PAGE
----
New Zealand drives on the left, with the steering wheel on the right of the vehicle. New Zealand's roads are mostly sealed and well signposted, however they are not always engineered to the same standards found in other developed countries. The majority of rental cars are automatic and the majority of rental campervans are manual transmission (stick-shift), although automatics are becoming available.
The highway network consists of SH-1 running the length of both islands, SH-2 to 5 and SH-10 to 58 in the North Island, and SH-6 to 8 and SH-60 to 99 in the South Island.
There are very few motorways, expressways or dual- carriageways (only 3% of all roads). The majority of the road network is open country, single carriageway road with one (non-separated) lane each way, therefore they are used by cyclists, pedestrians and even farm animals. There are no/few bypasses so most roads pass through small towns. When estimating journey times between towns, use 60km/h as an average speed, then add your rest stops.
Weather extremes and mountain terrain require extra care. Speed cameras are used in fixed positions, hand-held by police officers and in unmarked vehicles, although they are not as prevalent as in Europe. Use of mobile phones is banned while driving.
You can drive in New Zealand if you hold a driver licence from another country or an international driving permit (IDP) and:
• your overseas licence is current and valid, and
• you've not received a disqualification or suspension in New Zealand, and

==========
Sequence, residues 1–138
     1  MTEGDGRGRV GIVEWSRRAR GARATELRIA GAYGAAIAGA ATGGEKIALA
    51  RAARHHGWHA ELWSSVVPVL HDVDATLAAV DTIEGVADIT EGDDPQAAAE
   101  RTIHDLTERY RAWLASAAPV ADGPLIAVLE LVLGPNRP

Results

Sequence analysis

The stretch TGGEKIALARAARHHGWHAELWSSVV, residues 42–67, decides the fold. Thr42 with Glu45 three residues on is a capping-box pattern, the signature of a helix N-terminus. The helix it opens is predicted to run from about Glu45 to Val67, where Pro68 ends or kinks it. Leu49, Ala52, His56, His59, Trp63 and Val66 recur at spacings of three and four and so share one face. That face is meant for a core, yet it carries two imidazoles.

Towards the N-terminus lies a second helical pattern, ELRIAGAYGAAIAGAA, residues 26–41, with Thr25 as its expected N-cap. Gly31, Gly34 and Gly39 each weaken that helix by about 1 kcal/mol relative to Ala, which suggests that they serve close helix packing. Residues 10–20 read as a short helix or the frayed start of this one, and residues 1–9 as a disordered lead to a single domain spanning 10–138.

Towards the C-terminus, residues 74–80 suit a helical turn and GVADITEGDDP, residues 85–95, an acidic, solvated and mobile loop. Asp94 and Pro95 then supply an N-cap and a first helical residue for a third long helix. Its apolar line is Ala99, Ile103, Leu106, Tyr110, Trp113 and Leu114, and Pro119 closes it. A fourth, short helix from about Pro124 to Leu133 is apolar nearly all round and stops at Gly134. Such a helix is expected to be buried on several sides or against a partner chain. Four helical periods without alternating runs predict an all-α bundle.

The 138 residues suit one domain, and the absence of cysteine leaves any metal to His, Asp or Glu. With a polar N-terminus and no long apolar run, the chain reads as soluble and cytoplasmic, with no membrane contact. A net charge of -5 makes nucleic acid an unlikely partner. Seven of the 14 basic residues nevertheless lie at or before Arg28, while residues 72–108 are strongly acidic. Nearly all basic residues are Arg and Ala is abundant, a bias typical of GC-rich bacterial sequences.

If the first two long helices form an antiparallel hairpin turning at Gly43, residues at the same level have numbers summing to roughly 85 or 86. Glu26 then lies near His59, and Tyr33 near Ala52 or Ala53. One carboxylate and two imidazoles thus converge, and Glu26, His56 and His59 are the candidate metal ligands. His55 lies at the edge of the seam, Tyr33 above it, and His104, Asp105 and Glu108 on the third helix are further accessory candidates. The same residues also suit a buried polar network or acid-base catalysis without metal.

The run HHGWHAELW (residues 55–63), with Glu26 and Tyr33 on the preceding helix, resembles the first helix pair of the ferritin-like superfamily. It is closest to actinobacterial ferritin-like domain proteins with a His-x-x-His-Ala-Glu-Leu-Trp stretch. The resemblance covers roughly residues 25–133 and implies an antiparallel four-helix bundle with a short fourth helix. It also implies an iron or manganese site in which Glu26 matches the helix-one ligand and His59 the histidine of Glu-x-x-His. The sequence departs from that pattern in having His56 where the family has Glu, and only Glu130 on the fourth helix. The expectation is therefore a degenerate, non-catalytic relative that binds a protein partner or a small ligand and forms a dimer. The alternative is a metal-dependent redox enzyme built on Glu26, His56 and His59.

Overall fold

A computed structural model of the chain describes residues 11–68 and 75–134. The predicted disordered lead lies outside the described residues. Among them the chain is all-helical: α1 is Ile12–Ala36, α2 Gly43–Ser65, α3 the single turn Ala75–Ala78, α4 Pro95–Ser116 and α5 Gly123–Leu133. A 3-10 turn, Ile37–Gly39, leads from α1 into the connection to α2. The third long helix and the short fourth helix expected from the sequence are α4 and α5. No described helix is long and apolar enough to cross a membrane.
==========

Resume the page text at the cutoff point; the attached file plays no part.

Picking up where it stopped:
• you last entered New Zealand less than 12 months ago, and
• your overseas licence is in English; if it's not, you must have an accurate translation, and
• you've not been granted a New Zealand driver license.
All drivers must carry their license with them when driving.
In New Zealand vehicles drive on the left (steering wheel is on the right). The open-road speed limit is 100km/h and the urban speed is 50km/h. Signposts follow the international standard and all distances and speeds are metric. All cyclists must wear safety helmets. There is no 'left-turn' rule at traffic lights as in North America. Seat belts are compulsory for everyone if they are fitted. Drug and alcohol laws are strictly enforced and random roadside testing is common. New Zealand has some unique road and turning rules and some road signs you will not be familiar with.
Particular hazards you will encounter when driving in New Zealand include: logging trucks, roadside parking laws, turn-right rules, trams, snow and ice at any time of the year, railway crossings without barrier arms, land slips, drainage ditches alongside many open roads, single lane bridges, dual use bridges (combines road/rail in the same single-lane bridge), unsealed/gravel roads, farm stock, roadworks (not separated from vehicle traffic), mountain conditions, sun-strike and Limited Speed zones (LSZ) where the speed limit changes depending on the conditions.
Overseas drivers who drive in New Zealand are twice as likely to be 'at-fault' for any injury or fatal accident in which they are involved. New Zealand prosecutes overseas drivers who break the laws. If you are intending to drive in New Zealand for the first time, consider learning more and staying safe. A better informed driver is a safer and happier driver.